Hepatitis C and Pregnancy
What is Hepatitis C?
Hepatitis C is an infection that targets the liver. Gradually the infection in the liver multiples, leading to liver damage in some patients. However, many people infected by the hepatitis C virus (HCV) can continue their daily routines without facing major health complications but may remain chronic carriers of the infection. This may lead to bouts of concern for women thinking of getting pregnant or who are pregnant when they find out they have hepatitis C. Read on to find out how hepatitis C affects pregnancy and if this infection can infect your child.
HCV Infection in Pregnancy
Although little data on HCV infection in pregnancy exists, the data available suggests that there is no increase risk of congenital malformation, stillbirth or fetal distress. Pregnant women with HCV compared to other moms-to-be face no greater risk of obstetric or perinatal complications.
Risk of Transmission
The risk of transmission from an infected mother to her baby varies from zero to 36 percent, with an average risk of five percent. This risk increases up to 44 percent if the mother is infected with HIV.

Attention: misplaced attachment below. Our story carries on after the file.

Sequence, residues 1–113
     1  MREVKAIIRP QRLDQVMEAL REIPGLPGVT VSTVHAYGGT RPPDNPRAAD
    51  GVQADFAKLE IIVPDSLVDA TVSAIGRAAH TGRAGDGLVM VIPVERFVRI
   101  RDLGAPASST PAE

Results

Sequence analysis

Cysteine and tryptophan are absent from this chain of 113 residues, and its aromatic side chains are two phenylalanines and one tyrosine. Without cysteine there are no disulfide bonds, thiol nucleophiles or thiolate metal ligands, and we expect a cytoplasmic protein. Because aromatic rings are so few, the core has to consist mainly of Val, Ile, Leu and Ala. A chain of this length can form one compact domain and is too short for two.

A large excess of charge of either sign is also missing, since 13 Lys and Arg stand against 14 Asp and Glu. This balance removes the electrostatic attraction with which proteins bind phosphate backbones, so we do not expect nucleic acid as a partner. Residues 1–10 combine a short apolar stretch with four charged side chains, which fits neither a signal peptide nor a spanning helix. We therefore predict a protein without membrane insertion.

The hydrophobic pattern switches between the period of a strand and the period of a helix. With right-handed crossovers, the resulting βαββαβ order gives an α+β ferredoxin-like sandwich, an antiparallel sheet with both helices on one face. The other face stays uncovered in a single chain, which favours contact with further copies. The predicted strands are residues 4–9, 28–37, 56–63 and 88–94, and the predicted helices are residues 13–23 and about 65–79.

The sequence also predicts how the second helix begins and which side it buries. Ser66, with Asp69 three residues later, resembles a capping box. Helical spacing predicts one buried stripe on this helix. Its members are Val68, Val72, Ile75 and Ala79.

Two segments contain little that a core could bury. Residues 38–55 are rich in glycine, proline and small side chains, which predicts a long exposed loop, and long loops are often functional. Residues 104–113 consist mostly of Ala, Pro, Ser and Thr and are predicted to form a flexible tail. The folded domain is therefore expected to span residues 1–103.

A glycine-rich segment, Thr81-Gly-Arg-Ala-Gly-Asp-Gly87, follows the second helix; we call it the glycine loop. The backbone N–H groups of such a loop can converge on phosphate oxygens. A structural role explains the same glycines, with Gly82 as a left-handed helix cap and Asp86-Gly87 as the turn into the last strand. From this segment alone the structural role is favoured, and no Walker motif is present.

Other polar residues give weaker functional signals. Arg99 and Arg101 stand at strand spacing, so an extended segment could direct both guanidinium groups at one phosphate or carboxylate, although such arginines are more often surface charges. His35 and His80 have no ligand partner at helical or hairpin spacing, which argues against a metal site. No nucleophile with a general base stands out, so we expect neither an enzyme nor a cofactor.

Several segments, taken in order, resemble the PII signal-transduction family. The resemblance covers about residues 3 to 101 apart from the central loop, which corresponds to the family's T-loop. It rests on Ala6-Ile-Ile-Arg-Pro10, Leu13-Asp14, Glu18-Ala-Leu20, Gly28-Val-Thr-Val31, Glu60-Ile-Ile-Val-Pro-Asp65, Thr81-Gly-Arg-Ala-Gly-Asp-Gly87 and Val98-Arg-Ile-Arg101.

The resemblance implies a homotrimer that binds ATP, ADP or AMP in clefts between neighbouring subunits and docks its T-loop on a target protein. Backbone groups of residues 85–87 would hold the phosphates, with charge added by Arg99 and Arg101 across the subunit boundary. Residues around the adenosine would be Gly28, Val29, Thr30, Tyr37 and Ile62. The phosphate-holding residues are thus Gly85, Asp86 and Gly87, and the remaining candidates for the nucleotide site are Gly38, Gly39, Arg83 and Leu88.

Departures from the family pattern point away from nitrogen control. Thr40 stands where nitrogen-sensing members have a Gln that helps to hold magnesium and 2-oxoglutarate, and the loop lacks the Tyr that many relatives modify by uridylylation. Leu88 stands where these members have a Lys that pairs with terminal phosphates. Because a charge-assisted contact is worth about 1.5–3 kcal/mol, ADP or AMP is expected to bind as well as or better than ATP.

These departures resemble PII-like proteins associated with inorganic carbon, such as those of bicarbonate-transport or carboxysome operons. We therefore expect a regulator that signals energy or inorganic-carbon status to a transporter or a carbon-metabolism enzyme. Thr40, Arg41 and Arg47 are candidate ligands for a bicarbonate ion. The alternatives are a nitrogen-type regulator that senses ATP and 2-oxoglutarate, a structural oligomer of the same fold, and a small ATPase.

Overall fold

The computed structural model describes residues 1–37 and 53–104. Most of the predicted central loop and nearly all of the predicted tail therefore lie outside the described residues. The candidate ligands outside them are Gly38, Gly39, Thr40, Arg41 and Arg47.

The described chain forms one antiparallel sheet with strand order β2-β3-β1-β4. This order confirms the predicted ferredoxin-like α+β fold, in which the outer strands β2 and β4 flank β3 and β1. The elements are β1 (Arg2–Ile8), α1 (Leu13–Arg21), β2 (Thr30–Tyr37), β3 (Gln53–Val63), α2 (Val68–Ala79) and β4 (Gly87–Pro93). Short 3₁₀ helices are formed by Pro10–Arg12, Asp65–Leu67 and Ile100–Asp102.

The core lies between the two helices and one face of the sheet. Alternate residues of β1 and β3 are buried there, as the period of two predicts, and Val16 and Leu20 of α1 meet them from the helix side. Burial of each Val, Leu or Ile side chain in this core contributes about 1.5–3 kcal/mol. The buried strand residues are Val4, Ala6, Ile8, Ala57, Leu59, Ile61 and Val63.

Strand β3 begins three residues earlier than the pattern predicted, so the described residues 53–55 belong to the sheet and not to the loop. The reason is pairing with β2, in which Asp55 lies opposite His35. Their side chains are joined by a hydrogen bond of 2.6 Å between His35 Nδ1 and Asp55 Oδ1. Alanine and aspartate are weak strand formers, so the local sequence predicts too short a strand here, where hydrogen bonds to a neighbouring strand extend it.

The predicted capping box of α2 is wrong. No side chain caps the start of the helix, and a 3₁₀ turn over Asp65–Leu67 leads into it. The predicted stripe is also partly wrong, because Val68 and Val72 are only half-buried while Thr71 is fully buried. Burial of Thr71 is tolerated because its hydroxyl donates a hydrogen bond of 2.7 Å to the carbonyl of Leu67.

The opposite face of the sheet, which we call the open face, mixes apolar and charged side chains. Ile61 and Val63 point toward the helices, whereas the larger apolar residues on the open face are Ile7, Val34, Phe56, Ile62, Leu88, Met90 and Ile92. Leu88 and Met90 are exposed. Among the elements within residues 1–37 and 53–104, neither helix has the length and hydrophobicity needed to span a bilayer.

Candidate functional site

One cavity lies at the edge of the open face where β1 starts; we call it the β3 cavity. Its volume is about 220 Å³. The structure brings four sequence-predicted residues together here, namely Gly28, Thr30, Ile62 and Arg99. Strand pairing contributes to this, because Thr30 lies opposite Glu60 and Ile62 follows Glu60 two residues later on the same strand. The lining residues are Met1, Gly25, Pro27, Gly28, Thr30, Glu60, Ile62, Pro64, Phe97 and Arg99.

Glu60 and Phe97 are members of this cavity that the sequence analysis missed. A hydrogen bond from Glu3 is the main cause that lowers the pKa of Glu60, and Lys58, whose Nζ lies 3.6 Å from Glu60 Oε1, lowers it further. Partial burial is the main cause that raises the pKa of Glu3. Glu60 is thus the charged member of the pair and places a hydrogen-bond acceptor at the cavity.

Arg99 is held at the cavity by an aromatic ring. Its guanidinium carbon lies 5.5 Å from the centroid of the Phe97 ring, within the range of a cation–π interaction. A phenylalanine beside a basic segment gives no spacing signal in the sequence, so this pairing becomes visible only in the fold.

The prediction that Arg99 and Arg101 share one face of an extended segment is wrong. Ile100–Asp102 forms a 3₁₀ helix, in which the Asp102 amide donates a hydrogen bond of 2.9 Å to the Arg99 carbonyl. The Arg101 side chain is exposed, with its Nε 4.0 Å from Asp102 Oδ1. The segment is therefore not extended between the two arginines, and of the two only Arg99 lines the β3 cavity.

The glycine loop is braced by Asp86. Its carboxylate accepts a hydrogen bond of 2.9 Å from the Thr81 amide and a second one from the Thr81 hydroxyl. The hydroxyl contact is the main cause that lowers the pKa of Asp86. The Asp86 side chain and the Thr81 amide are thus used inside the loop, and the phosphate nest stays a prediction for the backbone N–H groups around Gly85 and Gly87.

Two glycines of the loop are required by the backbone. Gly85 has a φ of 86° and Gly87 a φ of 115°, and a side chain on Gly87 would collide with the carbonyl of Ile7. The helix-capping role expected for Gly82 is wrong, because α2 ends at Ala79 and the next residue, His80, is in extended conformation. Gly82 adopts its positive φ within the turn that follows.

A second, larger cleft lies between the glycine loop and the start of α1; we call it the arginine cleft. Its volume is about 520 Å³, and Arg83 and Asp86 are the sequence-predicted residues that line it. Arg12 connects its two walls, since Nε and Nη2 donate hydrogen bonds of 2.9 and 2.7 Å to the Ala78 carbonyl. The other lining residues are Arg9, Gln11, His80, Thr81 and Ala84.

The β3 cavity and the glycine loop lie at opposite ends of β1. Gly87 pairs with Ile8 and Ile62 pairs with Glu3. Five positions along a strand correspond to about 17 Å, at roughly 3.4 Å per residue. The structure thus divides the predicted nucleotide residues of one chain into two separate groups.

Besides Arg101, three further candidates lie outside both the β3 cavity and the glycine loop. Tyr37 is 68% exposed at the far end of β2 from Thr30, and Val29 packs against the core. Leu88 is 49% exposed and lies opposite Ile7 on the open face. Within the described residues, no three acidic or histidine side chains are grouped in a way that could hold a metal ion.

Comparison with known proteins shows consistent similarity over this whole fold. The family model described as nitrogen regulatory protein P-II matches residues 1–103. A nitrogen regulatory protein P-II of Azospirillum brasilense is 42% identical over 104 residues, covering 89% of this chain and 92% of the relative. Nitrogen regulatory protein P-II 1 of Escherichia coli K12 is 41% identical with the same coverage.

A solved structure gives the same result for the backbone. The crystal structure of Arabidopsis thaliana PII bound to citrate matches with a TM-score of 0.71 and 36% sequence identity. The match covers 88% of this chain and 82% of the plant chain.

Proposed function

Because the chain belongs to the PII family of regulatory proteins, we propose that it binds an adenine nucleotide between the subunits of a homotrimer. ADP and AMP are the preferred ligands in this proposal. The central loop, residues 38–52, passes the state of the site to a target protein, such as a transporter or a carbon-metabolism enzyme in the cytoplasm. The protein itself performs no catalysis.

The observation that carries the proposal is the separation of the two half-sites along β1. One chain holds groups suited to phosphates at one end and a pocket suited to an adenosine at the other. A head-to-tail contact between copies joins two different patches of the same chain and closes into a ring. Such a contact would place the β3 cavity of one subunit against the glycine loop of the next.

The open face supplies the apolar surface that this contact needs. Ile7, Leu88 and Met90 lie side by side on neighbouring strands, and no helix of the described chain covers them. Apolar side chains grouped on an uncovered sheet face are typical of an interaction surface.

There is no guaranteed method of preventing transmission of HCV from the mother to her baby. However, a few retrospective studies have shown that following a caesarian section the risk of transmission lowers. But, healthy infected pregnant women can still deliver vaginally without increasing the general risk (of 5 percent) for transmission.
If you're wondering if you should breastfeed while infected, you should consult your doctor. Although no report showing an increase in the risk of transmission from mother to baby through breastfeeding exists, the safety of breastfeeding when infected still needs to be further investigated.
Symptoms and Check-ups
If you're pregnant with hepatitis you will need to check in regularly with a liver test. Pregnant women may develop certain symptoms including gallstones and elevated enzymes. These symptoms may, but not always, be a result of her HCV infection. It's important to notify your doctor and liver specialist about all the symptoms you experience before starting or stopping your usual medications.
If you have hepatitis C and find out you're pregnant, immediately make an appointment with your doctor. Interferon therapy for hepatitis C should be discontinued because the effects on the fetus are largely unknown.